It’s said that it’s rude to ask a woman her age. In fact, it’s only rude to ask women 30 and over about their digits. It’s far worse, however, to ask a woman with decades under her belt for her age and then to publish it for the world to see. An actress in Texas says it wasn’t just rude but financially costly for her when the movie database IMDB publicized her nearly over-the-hill age in 2008. Cue, Robert Murtaugh.
The Hollywood Reporter has a copy of the actress’s complaint against Amazon.com, which owns the Internet Movie Database, in which she alleges that everyone’s favorite website for figuring out who-that-guy-in-that-one-movie-was-and-what-was-that-other-movie-he-was-in-with-that-girl screwed her over after she signed up for a Pro IMDb account. After entering credit card information and personal details, including her birthdate, to start the account, her age all of a sudden appeared on her public profile page, “revealing to the public that Plaintiff is many years older than she looks,” according to her humble complaint.
Age isn’t just a number, says her counsel, “Internet lawyer” John Dozier, but a $1,075,000 number…
The actress, going by Jane Doe in her lawsuit (which we noted in Morning Docket), describes herself as “up-and-coming” and of Asian descent. She says the meanies at IMDb refused to take down her age when asked.
“In the entertainment industry, youth is king,” states the complaint, and “lesser-known forty-year-old actresses are not in demand.” Instead, Julianne Moore is tapped every time Hollywood needs a forty-ish female. Though she could play a younger character, Doe claims that she’s been passed over for those roles thanks to IMDb’s delicate disclosure. Furthermore, when she does try to get a gig as a 40-year-old character, she’s told she looks too young.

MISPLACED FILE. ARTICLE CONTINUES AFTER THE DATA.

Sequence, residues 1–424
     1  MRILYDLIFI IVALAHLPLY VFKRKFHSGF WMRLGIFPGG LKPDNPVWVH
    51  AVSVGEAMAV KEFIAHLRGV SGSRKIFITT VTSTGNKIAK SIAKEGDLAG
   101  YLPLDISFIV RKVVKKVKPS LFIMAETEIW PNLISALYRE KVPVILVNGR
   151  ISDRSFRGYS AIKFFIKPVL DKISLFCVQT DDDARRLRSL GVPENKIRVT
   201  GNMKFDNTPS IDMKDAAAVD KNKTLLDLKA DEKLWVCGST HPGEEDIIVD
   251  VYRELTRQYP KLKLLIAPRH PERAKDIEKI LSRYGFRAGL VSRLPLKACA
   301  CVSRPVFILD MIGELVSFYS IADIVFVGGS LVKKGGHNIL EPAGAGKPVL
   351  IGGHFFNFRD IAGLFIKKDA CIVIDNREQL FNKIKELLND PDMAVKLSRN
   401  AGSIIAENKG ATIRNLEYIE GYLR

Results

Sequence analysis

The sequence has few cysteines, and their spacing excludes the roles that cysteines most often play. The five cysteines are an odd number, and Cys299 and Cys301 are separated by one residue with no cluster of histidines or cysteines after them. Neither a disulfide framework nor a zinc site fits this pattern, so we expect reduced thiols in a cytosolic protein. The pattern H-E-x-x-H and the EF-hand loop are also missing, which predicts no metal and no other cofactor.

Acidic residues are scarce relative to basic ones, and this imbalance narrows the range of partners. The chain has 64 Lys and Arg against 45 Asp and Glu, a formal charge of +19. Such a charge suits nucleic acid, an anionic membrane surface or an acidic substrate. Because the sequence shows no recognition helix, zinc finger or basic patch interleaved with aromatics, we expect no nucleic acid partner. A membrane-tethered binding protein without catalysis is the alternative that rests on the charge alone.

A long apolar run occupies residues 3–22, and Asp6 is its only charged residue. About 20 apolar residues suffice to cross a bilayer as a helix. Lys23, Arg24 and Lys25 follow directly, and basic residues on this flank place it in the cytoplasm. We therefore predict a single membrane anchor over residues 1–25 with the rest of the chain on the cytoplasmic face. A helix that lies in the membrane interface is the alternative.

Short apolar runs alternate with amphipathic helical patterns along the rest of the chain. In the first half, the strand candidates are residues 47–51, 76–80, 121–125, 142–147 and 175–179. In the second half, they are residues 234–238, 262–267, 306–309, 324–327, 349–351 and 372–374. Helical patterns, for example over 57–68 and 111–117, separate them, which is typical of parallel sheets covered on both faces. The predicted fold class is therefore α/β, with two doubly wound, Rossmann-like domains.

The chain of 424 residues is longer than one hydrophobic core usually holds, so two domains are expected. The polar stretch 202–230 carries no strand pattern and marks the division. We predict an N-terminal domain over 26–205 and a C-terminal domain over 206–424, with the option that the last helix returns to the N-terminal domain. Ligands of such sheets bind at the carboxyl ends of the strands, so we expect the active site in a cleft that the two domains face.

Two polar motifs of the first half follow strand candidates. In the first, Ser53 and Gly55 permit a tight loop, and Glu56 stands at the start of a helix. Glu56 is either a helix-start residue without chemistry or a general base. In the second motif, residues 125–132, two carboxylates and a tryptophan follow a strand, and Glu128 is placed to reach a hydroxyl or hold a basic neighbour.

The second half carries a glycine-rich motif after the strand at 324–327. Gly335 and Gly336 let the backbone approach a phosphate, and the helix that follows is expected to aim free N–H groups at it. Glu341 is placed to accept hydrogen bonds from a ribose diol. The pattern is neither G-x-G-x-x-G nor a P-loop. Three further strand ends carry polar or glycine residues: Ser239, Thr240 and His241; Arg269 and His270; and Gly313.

What’s an older-than-she-looks actress supposed to do? Answer: sue for fraud, breach of contract, and violation of consumer and privacy laws, while calling IMDb’s conduct “immoral,” “malicious,” “unscrupulous,” “outrageous,” “oppressive,” “unfair,” and “callous.”
Oh, hai, welcome to the Internet. The actress will likely not be happy to hear that Gawker has started a witchhunt to identify the wizened anonymous Asian actress behind the suit.
The actress’s lawyer tells Newsday that IMDb says it actually got Doe’s age from her agent. If true, this lawsuit is going to be a tough one, given Section 230 of the Communications Decency Act and how difficult it may be to prove that a birthdate is to blame for the actress’s dry spell.
If she does win, though, perhaps she can at least land a role playing herself in a made-for-TV movie about the legal victory — assuming she hasn’t aged too much by the time the movie is filmed.
Actress Sues IMDb for $1 Million for Revealing Her Age [Hollywood, Esq.]
Which Actress Is Suing IMDb for Revealing Her Age? [Gawker]
Actress sues Amazon for revealing her age on IMDb [Newsday]